BATH — When it comes to Kings who were governor, many Mainers probably think of Angus, not William, who started it all.
City Councilor Sean Paulhus is trying shed new light on William King, Maine’s first governor and a proponent of its statehood, who was as a resident of Bath. Thanks to Paulhus’ initiative, an annual day of observance for King is now before the state Legislature.
Although Paulhus, 25, grew up in Bath, it wasn’t until he was a freshman at Marietta College in Ohio that he became interested in King. He found few memorials to King in Bath, other than one at King’s grave. He also found a collection of King’s books at Patten Free Library.
But given King’s impact on Maine, Paulhus, who serves as sergeant-at-arms for the state Senate, thought there should be more.
Born in 1768
King was born in 1768 in Scarborough, when Maine was part of Massachusetts. He moved to Topsham at 19 and then, in 1799, to Bath, where he served as a representative in the Massachusetts Legislature. He later became a senator of the Lincoln District.
King’s Front Street home overlooked the Kennebec River and stood about where the Customs House is now located. His merchant fleet was docked at the wharves that his house overlooked.
During the War of 1812 he served as a major general in the Massachusetts militia before earning the rank of U.S. Army colonel.
An ardent supporter of statehood, King presided over the District of Maine’s constitutional convention in 1819. When Maine became the 23rd state the next year, King served as its first governor. But it was a short-lived job, with King tapped by President James Monroe in 1821 to be special minister to hammer out a territory claims treaty with Spain.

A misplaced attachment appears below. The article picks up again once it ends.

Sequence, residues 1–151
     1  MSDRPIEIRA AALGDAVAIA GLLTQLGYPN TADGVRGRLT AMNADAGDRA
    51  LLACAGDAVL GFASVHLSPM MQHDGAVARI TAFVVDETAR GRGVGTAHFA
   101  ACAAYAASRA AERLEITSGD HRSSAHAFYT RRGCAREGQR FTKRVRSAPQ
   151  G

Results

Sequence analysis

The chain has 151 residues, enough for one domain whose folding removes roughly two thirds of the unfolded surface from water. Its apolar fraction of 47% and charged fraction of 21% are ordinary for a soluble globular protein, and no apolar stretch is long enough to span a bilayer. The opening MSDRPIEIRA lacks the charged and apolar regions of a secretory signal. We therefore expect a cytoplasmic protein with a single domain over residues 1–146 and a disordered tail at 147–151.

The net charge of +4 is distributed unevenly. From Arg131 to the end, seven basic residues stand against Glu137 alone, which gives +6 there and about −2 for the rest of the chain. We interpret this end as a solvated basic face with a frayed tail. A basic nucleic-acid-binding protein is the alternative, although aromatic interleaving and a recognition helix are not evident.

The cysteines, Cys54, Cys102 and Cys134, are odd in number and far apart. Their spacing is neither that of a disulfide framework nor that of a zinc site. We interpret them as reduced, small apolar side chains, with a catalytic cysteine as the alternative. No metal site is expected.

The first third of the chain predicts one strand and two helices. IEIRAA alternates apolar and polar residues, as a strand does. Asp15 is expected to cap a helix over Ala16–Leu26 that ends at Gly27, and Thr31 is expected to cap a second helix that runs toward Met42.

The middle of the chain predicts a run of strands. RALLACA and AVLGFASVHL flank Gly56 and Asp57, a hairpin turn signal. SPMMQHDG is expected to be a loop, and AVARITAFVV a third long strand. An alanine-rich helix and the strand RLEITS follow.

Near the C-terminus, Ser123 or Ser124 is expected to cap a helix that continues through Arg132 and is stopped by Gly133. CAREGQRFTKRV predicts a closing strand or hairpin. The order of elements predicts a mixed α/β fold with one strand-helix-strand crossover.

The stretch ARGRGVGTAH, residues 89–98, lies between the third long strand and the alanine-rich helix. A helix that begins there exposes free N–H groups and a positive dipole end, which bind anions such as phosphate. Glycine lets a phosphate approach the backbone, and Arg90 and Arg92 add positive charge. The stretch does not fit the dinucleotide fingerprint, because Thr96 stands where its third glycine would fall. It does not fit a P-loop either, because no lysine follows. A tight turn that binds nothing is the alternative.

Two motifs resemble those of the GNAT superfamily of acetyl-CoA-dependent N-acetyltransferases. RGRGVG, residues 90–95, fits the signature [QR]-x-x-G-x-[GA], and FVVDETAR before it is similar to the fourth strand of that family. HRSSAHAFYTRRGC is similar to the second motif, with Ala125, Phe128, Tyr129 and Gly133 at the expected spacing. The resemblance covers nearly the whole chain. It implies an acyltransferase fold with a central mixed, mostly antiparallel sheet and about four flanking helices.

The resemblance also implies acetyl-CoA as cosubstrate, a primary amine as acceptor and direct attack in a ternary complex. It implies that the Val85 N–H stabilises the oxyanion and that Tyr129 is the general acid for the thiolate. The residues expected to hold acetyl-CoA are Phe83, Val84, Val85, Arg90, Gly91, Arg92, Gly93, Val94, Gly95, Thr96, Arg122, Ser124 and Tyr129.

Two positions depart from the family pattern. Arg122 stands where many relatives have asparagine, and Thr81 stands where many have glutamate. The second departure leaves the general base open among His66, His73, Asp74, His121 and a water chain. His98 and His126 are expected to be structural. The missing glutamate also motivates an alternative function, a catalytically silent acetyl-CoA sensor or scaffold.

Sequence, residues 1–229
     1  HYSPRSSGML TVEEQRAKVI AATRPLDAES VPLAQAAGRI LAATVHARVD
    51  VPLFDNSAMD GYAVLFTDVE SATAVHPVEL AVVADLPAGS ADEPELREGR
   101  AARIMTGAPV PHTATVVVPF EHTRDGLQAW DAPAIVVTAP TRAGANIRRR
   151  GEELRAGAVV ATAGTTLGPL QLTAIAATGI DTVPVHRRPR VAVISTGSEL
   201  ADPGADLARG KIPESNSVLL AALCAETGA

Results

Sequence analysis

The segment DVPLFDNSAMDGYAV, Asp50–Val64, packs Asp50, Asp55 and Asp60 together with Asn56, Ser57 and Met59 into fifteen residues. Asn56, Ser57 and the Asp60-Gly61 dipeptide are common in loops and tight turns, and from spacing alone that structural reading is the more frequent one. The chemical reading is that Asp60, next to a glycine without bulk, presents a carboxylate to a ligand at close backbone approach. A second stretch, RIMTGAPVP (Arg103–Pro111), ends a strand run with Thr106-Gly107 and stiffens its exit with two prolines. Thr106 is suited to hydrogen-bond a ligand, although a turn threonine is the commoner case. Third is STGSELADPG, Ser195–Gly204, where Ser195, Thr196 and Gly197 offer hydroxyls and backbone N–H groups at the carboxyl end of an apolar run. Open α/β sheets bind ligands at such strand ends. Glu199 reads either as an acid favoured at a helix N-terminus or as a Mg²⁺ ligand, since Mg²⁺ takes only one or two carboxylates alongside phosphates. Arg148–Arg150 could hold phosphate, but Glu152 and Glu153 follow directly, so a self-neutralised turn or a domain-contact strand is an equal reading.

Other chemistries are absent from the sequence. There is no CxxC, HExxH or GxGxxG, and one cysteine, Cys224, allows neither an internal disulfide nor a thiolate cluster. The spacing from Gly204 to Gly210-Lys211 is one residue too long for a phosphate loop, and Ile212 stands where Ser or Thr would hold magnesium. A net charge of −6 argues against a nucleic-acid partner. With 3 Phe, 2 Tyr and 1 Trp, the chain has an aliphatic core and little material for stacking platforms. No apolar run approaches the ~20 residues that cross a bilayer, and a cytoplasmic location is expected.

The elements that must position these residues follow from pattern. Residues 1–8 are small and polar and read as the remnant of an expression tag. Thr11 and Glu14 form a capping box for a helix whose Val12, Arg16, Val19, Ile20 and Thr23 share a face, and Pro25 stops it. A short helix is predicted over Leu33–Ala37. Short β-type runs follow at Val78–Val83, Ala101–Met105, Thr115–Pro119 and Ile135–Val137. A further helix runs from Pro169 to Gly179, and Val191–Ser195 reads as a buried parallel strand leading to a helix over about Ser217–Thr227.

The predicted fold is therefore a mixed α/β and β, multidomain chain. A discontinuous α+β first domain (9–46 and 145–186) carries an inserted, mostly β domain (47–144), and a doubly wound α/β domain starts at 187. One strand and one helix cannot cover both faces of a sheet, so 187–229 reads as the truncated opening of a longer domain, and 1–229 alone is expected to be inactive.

His contributions to Bath included starting the South Church and the Bath Bank, and serving as customs collector from 1829-1834. He died in Bath in 1852.
Gift to the city
In the summer of 2006, before his junior year at Marietta, Paulhus procured the services of a family friend, Paula Jackson-Roy, to paint a portrait of King. Having seen no commemoration to King at Bath City Hall, Paulhus presented the city with that portrait, which now hangs in the building’s auditorium.
“That was kind of my first project in my William King career,” he said with a chuckle.
During his senior year Paulhus conceived the idea of initiating a Gov. William King Day, to commemorate the man’s Feb. 9 birthday. He was able to get a one-time proclamation from the governor’s office in 2008, and has repeated that effort nearly every year since.
But now Paulhus is aiming for King to have a permanent day on the calendar.
“One of the points of trying to have a specific day for Gov. King is to kind of spread the word educationally, both at the school level and overall,” Paulhus said.
He noted that people remember the individuals who helped found this country, and “I think we should remember the ones who helped formed our state, as well.”
Sen. Seth Goodall, D-Richmond, who is sponsoring a bill for King Day, said last week that “it’s important to bring greater recognition to our first governor.”
The bill is before the State and Local Government Committee, which amended it to change the date from King’s birthday to March 16. That’s the day after Statehood Day, which commemorates another day of importance to King.
While he would prefer King’s day of observance be on his birthday, Paulhus said he would accept the amended date, pointing out that “it’s better to have a Gov. King Day than nothing at all.”
The bill must be approved by the Senate and House before being signed into law by Gov. Paul LePage.
Gov. William King Day would be a step along the way, said Paulhus, who also hopes Bath will one day have a more noticeable monument to one of Maine’s founding fathers.
Alex Lear can be reached at 781-3661 ext. 113 or email@example.com.
Bath City Councilor Sean Paulhus has initiated an effort to establish a permanent day of observance for William King (1768-1852), Maine’s first governor. The portrait of King, which hangs at Bath City Hall, is by Paula Jackson-Roy and was donated by Paulhus in 2006.